Tenderloin Health Van Serves the Communities Underinsured, Unisured, and Homeless Youth
But since a temporary closure of after-school services, and a revamping of community offerings at IHDC, the van has seen a drop-off in the numbers of local youth that utilize the van’s services.
Dr. Seth Ammerman, lead Medical Doctor of the Teen Health Van operation, believes that much of this can be attributed to getting the message out there. “A lot of people don’t know about the program, that it is free, and that it’s comprehensive,” he said.
The Teen Health Van serves locations in San Mateo and San Francisco counties, including stops in San Jose, East Palo Alto, Mountain View and San Bruno. Every first Tuesday of the month, the van parks at 375 Eddy, offering everything from immunizations and injury treatment to mental health, substance abuse, and nutrition counseling from 2pm to 7pm.
The goal of the van’s Eddy Street stop is simple: to make healthcare accessible to young residents of the Tenderloin.
“I think some adults, even if their kids have insurance, they don’t go out of their way to go to a clinic,” said Ammerman. “By going to them, in the neighborhood where they live, work, and play, and making it easy and convenient, kids are more likely to take advantage of the program. And importantly, most clinics don’t offer the comprehensive services we provide.”
One young woman who utilized the van’s services heard about it through the neighborhood grapevine.“Some friends of mine told be about the Teen Health Van, and that I could get free care there,” she said. “I went and they were really nice and helpful. Not only did they help me with my headaches and stomach aches, they caught me up on my shots, and talked with me about and gave me free birth control.”
But despite some traction, the van is still underutilized by the community.
According to Dean Oshida, Executive Director at IHDC, “When we had after school programming, we constantly had a captive audience on-site, and staff who talked to their friends in the neighborhood about the services the Health Van was offering. We didn’t need to get people in the door, they were already here.”
Since receiving funding from Metta this past January for IHDC’s health based programs, the two organizations have joined forces to try and publicize the van’s services and make local youth aware that free, comprehensive medical care is being made available.
New strategies may help the project reach a wider audience. With a new vision for 2015, including on-site groups, workshops and a health education texting project, the Teen Health Van anticipates a spike in participation and a range of new programs based on community input.
Drop-ins to the Teen Health Van are welcome, but participants are encouraged to schedule appointments with medical staff. The next visit is scheduled for Tuesday, April 7th, from 2pm to 7pm.
IHDC SCORES Soccer League Debuts at Civic Center
With the help of the San Francisco Department of Recreation and Parks, all four grass fields are transformed into soccer fields each Friday from 4-5pm, with all-boys, all-girls, and co-ed teams participating. Community-based organizations pick up the tab for youth to participate in SCORES opportunities, which are part of SFUSD’s ExCEL-funded after-school programs.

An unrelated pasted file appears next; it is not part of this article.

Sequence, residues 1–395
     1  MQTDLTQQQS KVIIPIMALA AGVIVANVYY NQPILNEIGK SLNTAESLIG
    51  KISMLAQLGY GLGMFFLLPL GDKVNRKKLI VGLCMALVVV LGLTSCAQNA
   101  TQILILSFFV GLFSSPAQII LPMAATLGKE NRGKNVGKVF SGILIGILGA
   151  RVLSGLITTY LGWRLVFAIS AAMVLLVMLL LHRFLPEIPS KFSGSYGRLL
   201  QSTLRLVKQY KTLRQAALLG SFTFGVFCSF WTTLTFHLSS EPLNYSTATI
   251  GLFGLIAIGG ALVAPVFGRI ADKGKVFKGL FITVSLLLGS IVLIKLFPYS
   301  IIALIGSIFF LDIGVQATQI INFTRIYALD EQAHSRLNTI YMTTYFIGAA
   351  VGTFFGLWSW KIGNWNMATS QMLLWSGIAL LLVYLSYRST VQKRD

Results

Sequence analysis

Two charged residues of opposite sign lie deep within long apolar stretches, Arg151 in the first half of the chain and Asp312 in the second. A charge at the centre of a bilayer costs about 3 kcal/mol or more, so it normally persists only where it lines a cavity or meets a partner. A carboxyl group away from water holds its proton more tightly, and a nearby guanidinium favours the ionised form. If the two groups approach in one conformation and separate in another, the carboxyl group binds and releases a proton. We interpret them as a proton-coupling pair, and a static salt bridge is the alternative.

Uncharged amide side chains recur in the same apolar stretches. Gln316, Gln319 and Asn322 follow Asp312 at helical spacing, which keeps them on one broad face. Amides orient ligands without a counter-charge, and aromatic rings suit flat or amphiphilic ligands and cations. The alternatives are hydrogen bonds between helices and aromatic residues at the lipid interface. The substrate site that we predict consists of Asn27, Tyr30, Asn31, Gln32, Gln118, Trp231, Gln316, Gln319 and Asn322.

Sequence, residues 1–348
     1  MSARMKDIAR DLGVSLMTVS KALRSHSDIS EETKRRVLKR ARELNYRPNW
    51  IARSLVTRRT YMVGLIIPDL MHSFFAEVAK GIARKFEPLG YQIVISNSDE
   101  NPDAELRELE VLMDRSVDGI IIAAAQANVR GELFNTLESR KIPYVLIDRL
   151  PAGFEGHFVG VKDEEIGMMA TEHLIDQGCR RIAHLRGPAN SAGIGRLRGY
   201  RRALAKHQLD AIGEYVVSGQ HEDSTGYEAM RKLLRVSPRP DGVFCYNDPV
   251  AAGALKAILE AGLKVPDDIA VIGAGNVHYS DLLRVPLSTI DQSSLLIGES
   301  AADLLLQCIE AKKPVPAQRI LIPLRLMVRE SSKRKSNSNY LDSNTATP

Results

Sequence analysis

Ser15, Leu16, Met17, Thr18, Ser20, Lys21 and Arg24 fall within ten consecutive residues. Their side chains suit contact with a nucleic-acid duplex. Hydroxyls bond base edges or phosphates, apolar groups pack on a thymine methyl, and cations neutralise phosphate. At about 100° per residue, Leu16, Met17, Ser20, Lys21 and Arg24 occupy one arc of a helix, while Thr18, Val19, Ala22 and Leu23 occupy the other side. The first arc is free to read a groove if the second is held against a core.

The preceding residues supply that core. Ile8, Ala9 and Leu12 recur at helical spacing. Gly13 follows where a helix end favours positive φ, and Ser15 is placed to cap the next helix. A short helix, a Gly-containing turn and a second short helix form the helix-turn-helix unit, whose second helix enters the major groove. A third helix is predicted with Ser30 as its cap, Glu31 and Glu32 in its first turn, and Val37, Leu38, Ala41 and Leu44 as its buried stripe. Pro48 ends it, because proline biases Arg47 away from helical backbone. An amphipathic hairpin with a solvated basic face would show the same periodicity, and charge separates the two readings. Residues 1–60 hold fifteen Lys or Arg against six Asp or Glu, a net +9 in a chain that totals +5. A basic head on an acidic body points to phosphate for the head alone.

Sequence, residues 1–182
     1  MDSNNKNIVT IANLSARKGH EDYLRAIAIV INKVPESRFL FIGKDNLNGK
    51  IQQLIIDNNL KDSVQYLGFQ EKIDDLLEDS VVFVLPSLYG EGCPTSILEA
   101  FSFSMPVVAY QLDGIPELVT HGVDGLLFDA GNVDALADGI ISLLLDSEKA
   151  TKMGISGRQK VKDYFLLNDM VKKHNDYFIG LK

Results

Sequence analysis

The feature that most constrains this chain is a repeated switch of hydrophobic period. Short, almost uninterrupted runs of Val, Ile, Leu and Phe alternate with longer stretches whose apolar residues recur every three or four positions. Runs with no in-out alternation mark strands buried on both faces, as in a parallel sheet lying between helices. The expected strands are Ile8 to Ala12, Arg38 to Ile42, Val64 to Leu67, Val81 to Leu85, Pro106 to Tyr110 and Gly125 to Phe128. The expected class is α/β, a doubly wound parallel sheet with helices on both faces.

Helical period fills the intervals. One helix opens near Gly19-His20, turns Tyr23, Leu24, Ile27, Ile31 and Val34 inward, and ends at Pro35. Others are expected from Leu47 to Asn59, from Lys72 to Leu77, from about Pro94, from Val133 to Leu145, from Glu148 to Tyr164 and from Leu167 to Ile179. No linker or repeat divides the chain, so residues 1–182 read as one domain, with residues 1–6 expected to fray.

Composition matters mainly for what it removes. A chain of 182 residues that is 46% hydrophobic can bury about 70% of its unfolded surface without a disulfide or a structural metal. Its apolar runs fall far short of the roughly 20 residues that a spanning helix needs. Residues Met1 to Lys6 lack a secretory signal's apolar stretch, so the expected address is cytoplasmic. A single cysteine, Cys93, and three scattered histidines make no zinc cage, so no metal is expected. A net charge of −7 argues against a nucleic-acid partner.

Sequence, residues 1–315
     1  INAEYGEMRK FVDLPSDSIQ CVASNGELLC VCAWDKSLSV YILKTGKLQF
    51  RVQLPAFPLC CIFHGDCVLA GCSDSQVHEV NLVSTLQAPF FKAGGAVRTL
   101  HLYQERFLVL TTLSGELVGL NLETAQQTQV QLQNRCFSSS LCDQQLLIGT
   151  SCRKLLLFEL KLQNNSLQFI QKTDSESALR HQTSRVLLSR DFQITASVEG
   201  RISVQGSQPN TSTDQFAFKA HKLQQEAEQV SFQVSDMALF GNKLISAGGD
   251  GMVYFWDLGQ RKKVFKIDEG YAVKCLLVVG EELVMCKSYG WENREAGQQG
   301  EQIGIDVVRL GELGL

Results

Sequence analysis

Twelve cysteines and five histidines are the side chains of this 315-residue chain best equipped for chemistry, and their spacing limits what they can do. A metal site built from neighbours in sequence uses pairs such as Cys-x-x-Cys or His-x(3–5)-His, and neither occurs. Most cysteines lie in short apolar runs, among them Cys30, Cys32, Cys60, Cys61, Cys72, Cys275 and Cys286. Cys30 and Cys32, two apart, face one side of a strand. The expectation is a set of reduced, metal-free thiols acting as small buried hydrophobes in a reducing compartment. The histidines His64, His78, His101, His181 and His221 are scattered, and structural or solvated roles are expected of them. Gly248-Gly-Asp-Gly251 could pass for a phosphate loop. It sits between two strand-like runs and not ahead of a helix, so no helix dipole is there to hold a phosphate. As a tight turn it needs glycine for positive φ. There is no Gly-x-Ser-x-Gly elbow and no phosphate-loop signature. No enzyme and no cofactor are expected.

Generally, CBOs will subcontract out SCORES for either the spring or fall season, with a few utilizing them for the entire school year. Youth participating in SCORES’ citywide programs are eligible to practice soccer during after-school hours, work with their peers on self-designed community service projects, and participate in organized Saturday games, held at Crocker-Amazon’s turf fields.
The Civic Center league is focused on giving residents of District 6 access to more convenient playing fields, while still providing on-site support in all of their program areas. Instead of traveling out to Crocker-Amazon, the league’s participants are just a short walk away from the playing fields.
“We don’t have games at specific school sites, because we want the youth to see that it’s the whole neighborhood that’s a part of the program, and that they all share the same passion for playing soccer and writing poetry,” says Watanabe. “The most rewarding thing to see is the home away from home we have built with this community. They have this fun and safe place that is for them, where everyone knows each other. It’s like friends playing with friends.”
“We are trying to make goals and practice a lot to get a good sportsmanship patch,” says José, a fourth-grader at Tenderloin Community School and SCORES participant. His favorite parts of the games, he says, include trying to make goals, eating snacks, and taking advantage of the free books that SCORES gives out at the end of each game.
Currently, SCORES is fundraising for its Field of Dreams initiative, which helps install turf fields at participating school sites that only offer traditional asphalt playing surfaces. Redding Elementary School, at the edge of the Tenderloin, had its field converted through the program last year. SCORES says that the addition of turf has created a safer practice space, and gives neighborhood youth more opportunities to play and be active.
This summer, SCORES will offer two camps at Civic Center: July 13th-17th and July 20th-24th. The regular Civic Center soccer league will resume in early October of 2015. To get involved, volunteers are encouraged to contact after-school providers at participating school sites; those in the Civic Center area can also email Watanabe directly.
A Candid Interview with One Tenderloin Youth